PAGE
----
2. tzfujimino's Avatar
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    #4

    Re: It was the blue window that Seho broke yesterday.

    Hello.
    Whether it is the so-called "cleft sentence" or not depends on how 'it' (the subject) is used, in my humble opinion.
    If I understand it correctly, 'it' in the "cleft sentence" is a "preparatory subject".
    So, my point (=guess) is that if 'it' is not a "preparatory subject' (=if it's just a personal pronoun to indicate something mentioned earlier,) then 'that' or 'which' in those sentences above is used as a "genuine" relative pronoun, (which is to say that the defining relative clause functions as a postmodifier) They are not "cleft sentences".
    #1 and #2 could mean the same thing. However, if #1 is the "cleft sentence", they don't mean the same thing. It really depends on the context.

  3. 5jj's Avatar
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    #5

    Re: It was the blue window that Seho broke yesterday.

    Quote Originally Posted by cheer965 View Post
    Sentence 1 : According to the structure may be written in either "cleft sentence" or "relative clause"
    This seems to me to be an artificial differentiation. '... that Seho broke yesterday' is a relative clause however one interprets the sentence as a whole.
    In the structure of a cleft sentence, you can't use which is stead of that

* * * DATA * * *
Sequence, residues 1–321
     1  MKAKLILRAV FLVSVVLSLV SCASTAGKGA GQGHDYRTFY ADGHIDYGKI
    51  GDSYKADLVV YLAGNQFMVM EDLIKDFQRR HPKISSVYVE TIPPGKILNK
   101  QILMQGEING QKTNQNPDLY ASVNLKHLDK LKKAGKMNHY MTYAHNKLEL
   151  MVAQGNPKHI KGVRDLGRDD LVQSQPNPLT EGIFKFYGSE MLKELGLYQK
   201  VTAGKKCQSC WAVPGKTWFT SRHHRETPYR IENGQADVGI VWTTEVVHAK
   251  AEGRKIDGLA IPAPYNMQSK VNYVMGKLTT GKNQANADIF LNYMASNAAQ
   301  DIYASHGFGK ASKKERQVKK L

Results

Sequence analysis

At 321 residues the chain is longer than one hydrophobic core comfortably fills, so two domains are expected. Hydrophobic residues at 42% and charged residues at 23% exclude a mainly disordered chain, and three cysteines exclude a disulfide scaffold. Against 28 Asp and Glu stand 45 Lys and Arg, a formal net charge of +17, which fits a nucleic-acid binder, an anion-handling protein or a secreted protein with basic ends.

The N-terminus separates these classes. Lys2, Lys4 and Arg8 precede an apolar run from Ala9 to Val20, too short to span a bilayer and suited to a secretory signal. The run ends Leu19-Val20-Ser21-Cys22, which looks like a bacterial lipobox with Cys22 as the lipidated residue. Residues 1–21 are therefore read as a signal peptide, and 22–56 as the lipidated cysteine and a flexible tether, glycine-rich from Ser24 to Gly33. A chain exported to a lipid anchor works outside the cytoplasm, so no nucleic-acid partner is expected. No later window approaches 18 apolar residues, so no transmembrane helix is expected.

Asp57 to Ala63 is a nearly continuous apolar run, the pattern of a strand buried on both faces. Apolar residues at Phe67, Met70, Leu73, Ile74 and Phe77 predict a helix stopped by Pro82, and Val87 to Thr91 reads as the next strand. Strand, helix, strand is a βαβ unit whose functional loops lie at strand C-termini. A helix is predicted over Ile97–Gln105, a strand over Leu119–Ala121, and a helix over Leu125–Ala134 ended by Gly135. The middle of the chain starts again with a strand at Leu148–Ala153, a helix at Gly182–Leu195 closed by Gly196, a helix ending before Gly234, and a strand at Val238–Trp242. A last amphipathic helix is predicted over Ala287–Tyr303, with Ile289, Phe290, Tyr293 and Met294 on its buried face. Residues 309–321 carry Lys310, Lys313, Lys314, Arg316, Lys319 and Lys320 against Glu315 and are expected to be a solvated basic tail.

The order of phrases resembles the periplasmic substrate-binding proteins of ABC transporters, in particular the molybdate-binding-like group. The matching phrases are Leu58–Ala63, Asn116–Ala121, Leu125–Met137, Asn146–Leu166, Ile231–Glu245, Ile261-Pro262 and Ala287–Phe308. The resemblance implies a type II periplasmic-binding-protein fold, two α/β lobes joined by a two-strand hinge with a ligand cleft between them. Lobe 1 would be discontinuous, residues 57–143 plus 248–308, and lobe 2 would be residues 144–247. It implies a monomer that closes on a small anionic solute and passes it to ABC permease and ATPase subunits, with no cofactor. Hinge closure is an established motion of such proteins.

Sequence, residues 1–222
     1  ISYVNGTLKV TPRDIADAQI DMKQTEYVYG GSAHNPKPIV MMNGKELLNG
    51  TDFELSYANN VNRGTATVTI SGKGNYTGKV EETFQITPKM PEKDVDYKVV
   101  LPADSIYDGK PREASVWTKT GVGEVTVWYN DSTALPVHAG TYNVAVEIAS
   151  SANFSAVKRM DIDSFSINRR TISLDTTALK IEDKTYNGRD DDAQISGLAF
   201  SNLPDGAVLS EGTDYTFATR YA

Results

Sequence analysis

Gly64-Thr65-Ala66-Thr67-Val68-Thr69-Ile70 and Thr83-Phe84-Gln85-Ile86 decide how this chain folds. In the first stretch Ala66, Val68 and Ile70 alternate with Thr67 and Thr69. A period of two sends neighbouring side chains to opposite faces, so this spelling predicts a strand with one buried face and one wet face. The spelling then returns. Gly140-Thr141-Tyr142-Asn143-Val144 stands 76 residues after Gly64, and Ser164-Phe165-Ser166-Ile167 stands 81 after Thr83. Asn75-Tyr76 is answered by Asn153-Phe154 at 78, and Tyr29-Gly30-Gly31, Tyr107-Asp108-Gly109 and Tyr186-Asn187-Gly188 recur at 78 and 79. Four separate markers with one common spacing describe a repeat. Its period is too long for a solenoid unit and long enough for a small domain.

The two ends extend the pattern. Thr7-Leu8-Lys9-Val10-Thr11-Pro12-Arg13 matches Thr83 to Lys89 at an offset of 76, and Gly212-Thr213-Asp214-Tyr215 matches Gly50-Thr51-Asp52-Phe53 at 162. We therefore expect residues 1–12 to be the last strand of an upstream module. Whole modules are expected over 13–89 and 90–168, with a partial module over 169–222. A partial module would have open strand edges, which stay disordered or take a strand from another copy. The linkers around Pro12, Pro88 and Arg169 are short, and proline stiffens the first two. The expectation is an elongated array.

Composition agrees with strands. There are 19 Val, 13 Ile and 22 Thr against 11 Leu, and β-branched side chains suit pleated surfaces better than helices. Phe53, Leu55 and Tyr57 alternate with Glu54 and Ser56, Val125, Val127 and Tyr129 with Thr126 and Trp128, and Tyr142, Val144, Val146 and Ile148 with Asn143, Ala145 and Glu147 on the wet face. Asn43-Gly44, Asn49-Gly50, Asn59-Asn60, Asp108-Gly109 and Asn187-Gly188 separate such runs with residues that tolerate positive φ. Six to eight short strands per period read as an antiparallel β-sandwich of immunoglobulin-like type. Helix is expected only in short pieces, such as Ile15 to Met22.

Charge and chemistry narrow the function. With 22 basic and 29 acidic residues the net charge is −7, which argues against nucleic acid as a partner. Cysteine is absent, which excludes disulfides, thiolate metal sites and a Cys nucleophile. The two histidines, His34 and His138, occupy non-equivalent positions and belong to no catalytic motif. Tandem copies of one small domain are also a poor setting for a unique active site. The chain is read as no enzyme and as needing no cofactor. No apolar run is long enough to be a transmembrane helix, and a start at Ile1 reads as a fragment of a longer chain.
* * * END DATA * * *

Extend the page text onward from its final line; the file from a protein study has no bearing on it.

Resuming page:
You can. 'That' appears to be far more commonly used than 'which', but it's not impossible. You can certainly use 'who' for people.

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    #6

    Re: It was the blue window that Seho broke yesterday.

    This seems to me to be an artificial differentiation. '... that Seho broke yesterday' is a relative clause however one interprets the sentence as a whole.
    When we have a sentence Seho broke the blue window yesterday, we can use cleft sentence to emphasize the subject or object. 1/ It was the blue window that Seho broke yesterday.( to emphasize 'the blue window, not the other ones)
    2/ It was Seho that / who broke the blue window yesterday. ( to emphasize just Seho, not the other person)

  4. 5jj's Avatar
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    #7

    Re: It was the blue window that Seho broke yesterday.

    Quote Originally Posted by cheer965 View Post
    When we have a sentence Seho broke the blue window yesterday, we can use cleft sentence to emphasize the subject or object. 1/ It was the blue window that Seho broke yesterday.( to emphasize 'the blue window, not the other ones)
    2/ It was Seho that / who broke the blue window yesterday. ( to emphasize just Seho, not the other person)